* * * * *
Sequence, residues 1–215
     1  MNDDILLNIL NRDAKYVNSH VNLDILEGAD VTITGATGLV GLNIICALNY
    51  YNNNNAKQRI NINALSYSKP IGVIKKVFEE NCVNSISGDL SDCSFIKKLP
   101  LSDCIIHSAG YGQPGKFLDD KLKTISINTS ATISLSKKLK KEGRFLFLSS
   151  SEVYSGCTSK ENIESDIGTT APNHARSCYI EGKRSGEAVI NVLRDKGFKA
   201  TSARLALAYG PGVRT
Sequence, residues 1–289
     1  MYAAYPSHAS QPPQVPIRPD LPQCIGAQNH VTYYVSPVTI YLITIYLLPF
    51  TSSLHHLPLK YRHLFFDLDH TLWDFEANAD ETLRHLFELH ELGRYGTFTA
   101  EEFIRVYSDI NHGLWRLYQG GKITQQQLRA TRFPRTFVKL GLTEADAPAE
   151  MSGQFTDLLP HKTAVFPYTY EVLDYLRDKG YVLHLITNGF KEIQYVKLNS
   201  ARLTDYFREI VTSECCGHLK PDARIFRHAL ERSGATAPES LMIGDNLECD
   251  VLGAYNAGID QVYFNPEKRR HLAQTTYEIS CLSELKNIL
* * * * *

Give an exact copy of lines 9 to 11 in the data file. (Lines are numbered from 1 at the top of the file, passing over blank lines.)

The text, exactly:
    51  TSSLHHLPLK YRHLFFDLDH TLWDFEANAD ETLRHLFELH ELGRYGTFTA
   101  EEFIRVYSDI NHGLWRLYQG GKITQQQLRA TRFPRTFVKL GLTEADAPAE
   151  MSGQFTDLLP HKTAVFPYTY EVLDYLRDKG YVLHLITNGF KEIQYVKLNS